How many recipes can you say have been a constant companion for almost your entire adult life?
For me it’s just a handful, and they are almost all desserts.
Back in my 20’s, I found order and reason behind the comforting construct of dessert recipes — they demystified a world of edible chemistry and I quickly learned that improvisation (while doable with cooking) was disastrous in the world of baking. One false move or assumption, one tiny alteration or substitution inalterably, irrevocably changed the end result and you wouldn’t know it necessarily until you sat down to try it.
So I followed dessert recipes with great care; somewhere the Baking Gods understood the precise balance between flours and fats and the bewildering why’s and how’s of baking soda (and? or?) baking powder usage, so I paid attention. I went to cooking school during the day and I tinkered at night. Cookies and madeleines and biscuits and tarts and cakes and custards – ah, what wonderful homework.
And one day after finishing my first month at school my then-boyfriend took me out for a celebratory dinner at a restaurant of my choice and I picked Stars. During its heyday, it was a thrilling place to go — boisterous, grandly beautiful like a celebrated French brasserie and they had the most marvelous food. Jeremiah Tower was the chef then, and like Alice Waters, he spotlighted all these fantastic, rarely seen before ingredients in the most dynamic, inventive ways (some say he was the father of California cuisine).
Emily Luccheti was the equally talented pastry chef there and her desserts (also sold next door at Stars Cafe which became our favorite go-to in the city) were amazing. Lemon bars without equals. Russian wedding cookies with a crumb so tender it could make you weep with gratitude. Everything out of her pastry kitchen was spectacular and to this day her book, Stars Desserts (circa 1991) is one of the most used in my cookbook collection, and many a page is sticky from wet fingers and inadvertent spillage.
Her Caramel Pots de Creme are my family’s absolute favorite dessert. It is our birthday cake, our go-to for celebrations small and big, and the one recipe we inevitably pull out for houseguests. I have been making these pot de cremes for almost a quarter-century and now well over a hundred times.
The only thing I have changed over the years is I add 1 tablespoon of vanilla to chilled custard and I always add a little large flaked salt (like Maldon’s ) on top of the cooked, chilled custards; I find that tiniest bit of saline crunch makes this silken, sultry dessert even more so — and the caramel flavor even more impressive. Really, though – any pinch of good salt will do. Try not to forget it.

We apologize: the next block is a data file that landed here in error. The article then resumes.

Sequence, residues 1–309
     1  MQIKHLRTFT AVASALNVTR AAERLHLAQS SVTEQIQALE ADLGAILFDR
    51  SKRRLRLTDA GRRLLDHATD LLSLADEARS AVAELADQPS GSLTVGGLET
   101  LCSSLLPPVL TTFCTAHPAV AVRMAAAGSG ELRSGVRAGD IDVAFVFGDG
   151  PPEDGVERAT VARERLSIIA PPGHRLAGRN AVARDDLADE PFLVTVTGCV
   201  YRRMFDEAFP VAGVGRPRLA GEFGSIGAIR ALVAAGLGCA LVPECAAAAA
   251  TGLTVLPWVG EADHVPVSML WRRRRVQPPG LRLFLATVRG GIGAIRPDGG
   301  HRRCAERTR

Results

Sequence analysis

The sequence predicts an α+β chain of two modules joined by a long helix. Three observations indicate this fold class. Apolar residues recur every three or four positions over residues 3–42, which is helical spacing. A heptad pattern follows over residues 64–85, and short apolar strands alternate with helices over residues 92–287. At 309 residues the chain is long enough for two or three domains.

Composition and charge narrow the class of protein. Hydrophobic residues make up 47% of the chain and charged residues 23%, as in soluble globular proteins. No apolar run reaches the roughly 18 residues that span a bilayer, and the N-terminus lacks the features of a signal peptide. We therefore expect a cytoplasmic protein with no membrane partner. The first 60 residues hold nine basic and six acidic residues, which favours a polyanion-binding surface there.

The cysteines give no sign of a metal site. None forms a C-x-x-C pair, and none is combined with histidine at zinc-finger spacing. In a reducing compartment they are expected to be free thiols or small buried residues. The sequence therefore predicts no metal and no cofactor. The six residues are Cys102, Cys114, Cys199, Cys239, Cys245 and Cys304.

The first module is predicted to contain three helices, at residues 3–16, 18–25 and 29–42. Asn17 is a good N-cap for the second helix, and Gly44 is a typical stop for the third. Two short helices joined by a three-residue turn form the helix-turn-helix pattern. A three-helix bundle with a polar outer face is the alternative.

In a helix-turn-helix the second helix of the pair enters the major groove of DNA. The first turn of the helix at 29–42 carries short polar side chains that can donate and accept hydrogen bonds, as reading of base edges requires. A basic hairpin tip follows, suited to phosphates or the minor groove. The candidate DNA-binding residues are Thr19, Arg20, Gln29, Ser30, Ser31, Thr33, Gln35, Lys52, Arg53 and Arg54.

Miraculously, every batch has worked out well and covered in plastic wrap, these will keep for a few days in the fridge (although they are so good I can’t see that happening).
Enjoy — and prepare for legions of besotted fans.
- 6 large egg yolks
- 1 cup sugar
- ¼ cup water
- 1 cup milk
- 2 cups heavy whipping cream
- Six 6-ounce ovenproof ramekins
- Preheat the oven to 300 degrees.
- Place the egg yolks in a large mixing bowl and lightly whisk them. Set the bowl aside.
- Dissolve the sugar in the water over low heat in a heavy-bottomed pot large enough to eventually hold the milk and the cream. Increase to high heat and cook the sugar until it is a golden amber color. While the sugar is cooking, pour the milk and the cream into a heavy-bottomed saucepot. Scald the mixture over medium high heat.
- As soon as the caramel becomes a golden amber color, carefully and slowly pour the hot cream and milk into it. Use a long-handled spoon or whisk to mix them together, as the caramel will bubble as you begin to combine them.
- Whisk the caramel cream into the egg yolks. Strain and refrigerate the custard base until cool. Skim any surface air bubbles off the custard base.
- Pour the custard base into the ramekins. Place the ramekins in an ovenproof pan and put it in the oven. Fill the pan one-third to one-half full of hot water. (it is easier to fill the pan with water when it is already in the oven.) Cover the pan with aluminum foil.
- Bake the pots de creme for about 50 minutes. When gently shaken, they should be set around the edges yet have an area in the middle, about the size of a quarter, that will not be completely firm.
- Refrigerate the pots de creme for several hours to overnight.